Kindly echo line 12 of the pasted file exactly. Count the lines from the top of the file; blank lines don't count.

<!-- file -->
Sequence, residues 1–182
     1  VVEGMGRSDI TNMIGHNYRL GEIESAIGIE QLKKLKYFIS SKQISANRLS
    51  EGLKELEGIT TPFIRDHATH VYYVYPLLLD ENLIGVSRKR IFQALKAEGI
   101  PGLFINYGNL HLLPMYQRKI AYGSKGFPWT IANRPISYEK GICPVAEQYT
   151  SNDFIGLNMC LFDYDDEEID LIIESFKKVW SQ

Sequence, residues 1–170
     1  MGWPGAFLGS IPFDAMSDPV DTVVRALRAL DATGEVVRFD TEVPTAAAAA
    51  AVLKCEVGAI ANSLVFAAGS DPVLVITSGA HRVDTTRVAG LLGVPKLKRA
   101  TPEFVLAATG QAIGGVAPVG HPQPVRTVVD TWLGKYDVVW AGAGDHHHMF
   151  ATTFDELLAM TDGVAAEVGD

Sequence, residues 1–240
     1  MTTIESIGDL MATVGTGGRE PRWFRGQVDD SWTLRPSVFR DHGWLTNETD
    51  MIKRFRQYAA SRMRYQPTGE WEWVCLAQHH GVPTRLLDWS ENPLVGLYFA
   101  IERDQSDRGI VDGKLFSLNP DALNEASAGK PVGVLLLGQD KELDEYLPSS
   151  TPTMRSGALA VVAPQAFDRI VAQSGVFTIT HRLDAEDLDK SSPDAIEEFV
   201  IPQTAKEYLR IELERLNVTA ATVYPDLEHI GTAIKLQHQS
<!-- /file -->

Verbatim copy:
     1  MTTIESIGDL MATVGTGGRE PRWFRGQVDD SWTLRPSVFR DHGWLTNETD